1. What is tuberculosis?
Tuberculosis, also called TB, is a serious condition usually affecting the lungs, which is called pulmonary tuberculosis. When it affects other organs, like kidneys, bones and joints, it is called extrapulmonary tuberculosis. Fever, night sweats, fatigue, weight loss and weakness are the common symptoms of TB.
2. What causes tuberculosis?
It is caused by a bacteria which spreads through the droplets when an infected person sneezes, coughs, speaks, spits or laugh. Conditions which causes weakening of the immune system, such as HIV infection, also increases the risk of tuberculosis.
3. Do I need to quit smoking if i have tuberculosis?
According to the World Health Organization, 7.9% of the TB cases worldwide occur due to smoking. Also, smoking affects the throat and lungs. Therefore, it is recommended to quit smoking if you are diagnosed with tuberculosis.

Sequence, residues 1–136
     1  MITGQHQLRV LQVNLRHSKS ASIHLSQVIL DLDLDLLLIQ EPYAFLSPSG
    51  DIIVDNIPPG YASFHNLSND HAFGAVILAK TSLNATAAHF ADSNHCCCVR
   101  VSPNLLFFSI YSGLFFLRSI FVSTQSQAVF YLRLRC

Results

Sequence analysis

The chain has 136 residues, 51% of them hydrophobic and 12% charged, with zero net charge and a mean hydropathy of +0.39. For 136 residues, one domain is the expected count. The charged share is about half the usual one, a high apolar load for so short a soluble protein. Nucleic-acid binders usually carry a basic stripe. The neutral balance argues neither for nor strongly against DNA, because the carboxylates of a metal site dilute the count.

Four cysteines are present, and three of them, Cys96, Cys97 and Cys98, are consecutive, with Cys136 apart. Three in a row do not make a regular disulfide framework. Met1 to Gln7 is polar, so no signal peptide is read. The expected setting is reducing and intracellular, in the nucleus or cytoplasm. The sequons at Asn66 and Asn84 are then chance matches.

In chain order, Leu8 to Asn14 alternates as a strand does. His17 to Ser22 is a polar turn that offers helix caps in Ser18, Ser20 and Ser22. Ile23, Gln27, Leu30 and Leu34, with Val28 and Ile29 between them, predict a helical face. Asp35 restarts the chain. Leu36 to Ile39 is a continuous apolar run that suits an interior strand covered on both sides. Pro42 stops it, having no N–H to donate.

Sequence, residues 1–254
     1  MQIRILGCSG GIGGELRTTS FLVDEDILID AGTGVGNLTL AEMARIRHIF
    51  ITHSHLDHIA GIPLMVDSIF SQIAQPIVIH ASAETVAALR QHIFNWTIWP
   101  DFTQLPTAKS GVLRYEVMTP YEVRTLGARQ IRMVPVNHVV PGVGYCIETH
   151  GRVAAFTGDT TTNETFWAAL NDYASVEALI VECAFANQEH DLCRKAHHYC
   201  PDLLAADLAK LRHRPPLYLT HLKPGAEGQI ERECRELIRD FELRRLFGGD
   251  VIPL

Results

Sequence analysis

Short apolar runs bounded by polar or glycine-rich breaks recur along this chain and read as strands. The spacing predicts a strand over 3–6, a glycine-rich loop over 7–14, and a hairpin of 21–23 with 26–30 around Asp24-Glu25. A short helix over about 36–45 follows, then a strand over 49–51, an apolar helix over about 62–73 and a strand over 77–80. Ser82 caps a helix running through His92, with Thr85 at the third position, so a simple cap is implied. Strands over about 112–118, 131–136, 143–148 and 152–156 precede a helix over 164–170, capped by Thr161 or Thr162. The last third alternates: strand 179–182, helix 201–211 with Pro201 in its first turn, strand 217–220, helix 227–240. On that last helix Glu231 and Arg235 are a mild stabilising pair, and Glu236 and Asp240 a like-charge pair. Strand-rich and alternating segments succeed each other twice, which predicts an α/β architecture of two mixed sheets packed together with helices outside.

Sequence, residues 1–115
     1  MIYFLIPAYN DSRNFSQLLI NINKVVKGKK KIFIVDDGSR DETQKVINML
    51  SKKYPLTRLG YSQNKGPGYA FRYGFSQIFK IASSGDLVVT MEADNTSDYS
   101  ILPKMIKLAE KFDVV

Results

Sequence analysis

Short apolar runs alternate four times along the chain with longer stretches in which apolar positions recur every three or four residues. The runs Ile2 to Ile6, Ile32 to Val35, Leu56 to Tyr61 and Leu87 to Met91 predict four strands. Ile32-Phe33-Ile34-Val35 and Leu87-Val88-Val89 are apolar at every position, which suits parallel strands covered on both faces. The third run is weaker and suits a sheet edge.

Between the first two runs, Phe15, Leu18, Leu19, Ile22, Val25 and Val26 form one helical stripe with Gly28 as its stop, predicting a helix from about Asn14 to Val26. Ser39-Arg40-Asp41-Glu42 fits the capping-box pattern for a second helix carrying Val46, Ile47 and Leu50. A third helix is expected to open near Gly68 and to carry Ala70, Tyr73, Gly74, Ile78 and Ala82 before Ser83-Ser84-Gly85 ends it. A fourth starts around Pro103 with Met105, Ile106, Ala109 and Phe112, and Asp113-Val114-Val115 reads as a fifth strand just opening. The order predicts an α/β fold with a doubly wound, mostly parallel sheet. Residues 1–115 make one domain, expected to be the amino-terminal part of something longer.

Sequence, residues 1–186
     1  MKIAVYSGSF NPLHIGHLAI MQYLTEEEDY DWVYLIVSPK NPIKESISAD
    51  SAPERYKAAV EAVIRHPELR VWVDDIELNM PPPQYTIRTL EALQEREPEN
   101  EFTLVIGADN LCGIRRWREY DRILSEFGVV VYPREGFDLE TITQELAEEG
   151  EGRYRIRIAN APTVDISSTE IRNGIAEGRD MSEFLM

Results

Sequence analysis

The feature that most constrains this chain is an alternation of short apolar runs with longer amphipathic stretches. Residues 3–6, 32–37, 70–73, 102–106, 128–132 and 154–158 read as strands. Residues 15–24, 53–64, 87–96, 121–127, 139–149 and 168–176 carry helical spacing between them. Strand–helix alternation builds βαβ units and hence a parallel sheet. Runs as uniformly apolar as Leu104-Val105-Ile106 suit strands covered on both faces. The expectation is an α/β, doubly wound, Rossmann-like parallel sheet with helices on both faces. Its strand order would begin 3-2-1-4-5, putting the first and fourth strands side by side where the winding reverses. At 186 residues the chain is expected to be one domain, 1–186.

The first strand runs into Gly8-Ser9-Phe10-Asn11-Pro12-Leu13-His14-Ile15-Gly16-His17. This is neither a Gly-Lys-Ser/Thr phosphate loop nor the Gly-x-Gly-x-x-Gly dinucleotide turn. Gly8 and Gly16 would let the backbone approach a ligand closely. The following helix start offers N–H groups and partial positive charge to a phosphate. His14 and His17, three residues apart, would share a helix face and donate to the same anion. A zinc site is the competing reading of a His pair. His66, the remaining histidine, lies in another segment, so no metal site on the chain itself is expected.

4. How is this condition diagnosed?
In addition to physical examination, a PPD tuberculin test is the first step in the diagnosis. This tuberculin is injected just below the skin of your forearm. This area of injection is observed for 48-72 hours for swelling and red bump, which indicates the presence of tuberculosis. Blood tests, sputum tests and imaging tests like x-rays are recommended for further confirmation of the diagnosis.
5. Why does the doctor insist on completing the therapy, even when I don't experience any symptoms?
Although you may not be experiencing the symptoms, some bacteria may still be alive and mutates to develop resistance to the current therapy if dose is not completed. If treatment is left without completing the course, tuberculosis may relapse. The mutated bacteria will make it difficult to manage the condition with the same medications. Complete dose helps eliminate all the bacteria.